I walked toward him. He struggled to move, to crawl toward me, but both of his arms were broken and bent at awkward angles. I pulled the pistol from my waistband and aimed, then stopped. He was harmless at that point, but he could still move. I gave him a wide berth and came up behind him. With the heel of one boot, I brought my foot down on the back of one knee. There was another one of those loud cracks and that same muffled scream from the dead man. I did the same to the other leg, but it took three stomps before the leg snapped.
I just shook my head.
Back at the crosses, I was careful not to walk over the graves. At Jeanette’s, I lifted up her necklace and ring. It was cold in my hand and then it was cold against the back of my neck and on my chest after I slid it in my shirt. I touched the cross and let new tears come.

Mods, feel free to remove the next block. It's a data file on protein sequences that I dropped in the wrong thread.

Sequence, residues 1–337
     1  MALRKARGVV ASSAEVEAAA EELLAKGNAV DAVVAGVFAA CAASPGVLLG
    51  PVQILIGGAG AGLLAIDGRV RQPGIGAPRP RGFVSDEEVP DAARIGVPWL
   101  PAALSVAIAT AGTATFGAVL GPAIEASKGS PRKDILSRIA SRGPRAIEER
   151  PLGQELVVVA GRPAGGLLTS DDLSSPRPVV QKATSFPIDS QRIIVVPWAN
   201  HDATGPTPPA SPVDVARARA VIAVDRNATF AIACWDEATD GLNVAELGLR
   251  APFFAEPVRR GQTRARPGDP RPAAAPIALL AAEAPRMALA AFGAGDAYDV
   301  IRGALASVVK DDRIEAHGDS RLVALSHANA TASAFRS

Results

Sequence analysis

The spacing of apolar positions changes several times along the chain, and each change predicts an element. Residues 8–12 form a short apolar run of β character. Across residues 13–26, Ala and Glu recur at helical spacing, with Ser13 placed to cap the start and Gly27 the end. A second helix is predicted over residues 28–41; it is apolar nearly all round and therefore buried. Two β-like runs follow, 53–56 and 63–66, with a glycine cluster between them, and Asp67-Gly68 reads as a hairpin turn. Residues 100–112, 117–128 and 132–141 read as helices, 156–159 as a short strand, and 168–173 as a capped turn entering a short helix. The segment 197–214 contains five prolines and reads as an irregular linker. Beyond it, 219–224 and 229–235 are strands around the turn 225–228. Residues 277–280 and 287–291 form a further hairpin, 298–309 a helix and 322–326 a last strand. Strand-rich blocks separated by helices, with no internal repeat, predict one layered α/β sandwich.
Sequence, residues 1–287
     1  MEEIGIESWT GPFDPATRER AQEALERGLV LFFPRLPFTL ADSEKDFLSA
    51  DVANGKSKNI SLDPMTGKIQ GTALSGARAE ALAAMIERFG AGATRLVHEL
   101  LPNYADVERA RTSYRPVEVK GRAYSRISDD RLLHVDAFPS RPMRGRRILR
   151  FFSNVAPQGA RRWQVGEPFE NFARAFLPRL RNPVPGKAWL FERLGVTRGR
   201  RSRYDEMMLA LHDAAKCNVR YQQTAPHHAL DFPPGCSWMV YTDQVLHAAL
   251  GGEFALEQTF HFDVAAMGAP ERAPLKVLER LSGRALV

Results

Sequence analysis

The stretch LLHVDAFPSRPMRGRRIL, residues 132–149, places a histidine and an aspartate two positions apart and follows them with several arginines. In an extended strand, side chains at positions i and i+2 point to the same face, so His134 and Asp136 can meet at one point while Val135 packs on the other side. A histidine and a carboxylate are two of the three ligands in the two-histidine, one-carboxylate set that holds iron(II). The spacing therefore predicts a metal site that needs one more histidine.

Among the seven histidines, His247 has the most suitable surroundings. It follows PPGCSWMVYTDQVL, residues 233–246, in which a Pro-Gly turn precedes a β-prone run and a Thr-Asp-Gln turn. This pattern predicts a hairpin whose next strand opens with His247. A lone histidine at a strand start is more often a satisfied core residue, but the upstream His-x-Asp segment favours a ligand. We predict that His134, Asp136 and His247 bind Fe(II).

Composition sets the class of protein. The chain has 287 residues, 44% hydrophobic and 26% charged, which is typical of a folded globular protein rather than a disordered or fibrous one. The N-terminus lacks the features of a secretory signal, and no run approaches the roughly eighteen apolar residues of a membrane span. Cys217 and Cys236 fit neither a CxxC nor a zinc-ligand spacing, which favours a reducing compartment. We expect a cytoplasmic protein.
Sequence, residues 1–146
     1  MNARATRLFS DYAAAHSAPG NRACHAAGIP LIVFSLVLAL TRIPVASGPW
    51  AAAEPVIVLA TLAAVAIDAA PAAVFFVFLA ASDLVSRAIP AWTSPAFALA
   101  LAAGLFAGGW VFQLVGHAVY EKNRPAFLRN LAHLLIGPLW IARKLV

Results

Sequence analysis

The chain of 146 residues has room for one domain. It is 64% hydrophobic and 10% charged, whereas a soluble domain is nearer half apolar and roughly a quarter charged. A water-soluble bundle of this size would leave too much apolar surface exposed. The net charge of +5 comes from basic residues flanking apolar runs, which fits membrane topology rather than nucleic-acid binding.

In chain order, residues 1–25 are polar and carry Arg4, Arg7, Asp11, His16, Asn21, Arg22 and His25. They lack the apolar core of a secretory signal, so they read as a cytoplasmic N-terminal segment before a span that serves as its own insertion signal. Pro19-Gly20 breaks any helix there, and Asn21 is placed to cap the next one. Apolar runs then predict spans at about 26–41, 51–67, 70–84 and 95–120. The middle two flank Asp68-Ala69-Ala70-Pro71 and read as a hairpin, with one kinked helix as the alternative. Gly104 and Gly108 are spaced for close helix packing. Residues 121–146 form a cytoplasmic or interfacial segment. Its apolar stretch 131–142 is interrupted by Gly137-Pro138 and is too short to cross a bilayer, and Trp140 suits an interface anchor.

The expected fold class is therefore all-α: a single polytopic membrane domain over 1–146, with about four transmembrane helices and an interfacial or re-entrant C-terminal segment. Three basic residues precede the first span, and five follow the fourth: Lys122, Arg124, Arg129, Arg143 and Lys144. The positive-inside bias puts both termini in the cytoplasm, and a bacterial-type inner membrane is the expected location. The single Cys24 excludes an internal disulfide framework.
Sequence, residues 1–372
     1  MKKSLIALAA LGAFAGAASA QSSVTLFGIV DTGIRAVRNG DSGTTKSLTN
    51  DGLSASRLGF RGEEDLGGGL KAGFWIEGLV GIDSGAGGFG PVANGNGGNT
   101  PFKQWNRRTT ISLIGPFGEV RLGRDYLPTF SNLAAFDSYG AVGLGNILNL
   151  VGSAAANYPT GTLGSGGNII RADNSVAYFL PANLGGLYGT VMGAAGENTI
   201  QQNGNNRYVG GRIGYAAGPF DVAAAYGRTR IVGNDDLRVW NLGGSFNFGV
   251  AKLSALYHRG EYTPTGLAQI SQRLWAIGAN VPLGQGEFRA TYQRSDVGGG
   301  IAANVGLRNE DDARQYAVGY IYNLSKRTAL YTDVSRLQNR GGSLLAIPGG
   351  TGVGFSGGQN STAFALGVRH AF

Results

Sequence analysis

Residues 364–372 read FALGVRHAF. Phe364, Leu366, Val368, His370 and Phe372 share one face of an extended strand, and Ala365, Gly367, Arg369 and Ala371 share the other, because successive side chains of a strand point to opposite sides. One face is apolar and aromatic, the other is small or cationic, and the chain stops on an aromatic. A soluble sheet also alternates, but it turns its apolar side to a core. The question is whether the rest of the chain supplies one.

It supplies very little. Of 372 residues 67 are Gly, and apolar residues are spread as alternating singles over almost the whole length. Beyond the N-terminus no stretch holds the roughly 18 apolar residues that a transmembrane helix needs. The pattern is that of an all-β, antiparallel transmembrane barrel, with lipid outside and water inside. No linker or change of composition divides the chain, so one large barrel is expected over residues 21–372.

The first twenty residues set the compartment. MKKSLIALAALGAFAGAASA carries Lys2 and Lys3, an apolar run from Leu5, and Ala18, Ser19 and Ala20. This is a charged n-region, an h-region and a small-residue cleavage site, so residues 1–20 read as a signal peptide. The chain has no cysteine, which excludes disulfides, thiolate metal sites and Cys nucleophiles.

I cried again…
And I cried for a long while, my hand on her cross, my forehead on the hand. No zombies came around. No birds sang. The day started to wane, the sun fading and bringing with it night.
There were clouds coming in, gray and black and dreary, much like the way I felt inside. I sniffled several times, wiped my eyes with the backs of my hands. By the trees lay the dead man, groaning as if in the worst pain of his undead life. Maybe he was. I didn’t care.
I bent down, kissed the cross and whispered, “I’m sorry, Baby. I’m sorry I wasn’t here to protect you. I’m sorry I let you down.” A sob tore free and I cried again, but after only a minute I composed myself. “I love you, Jeanette. I hope you knew that. I’ll always love you.”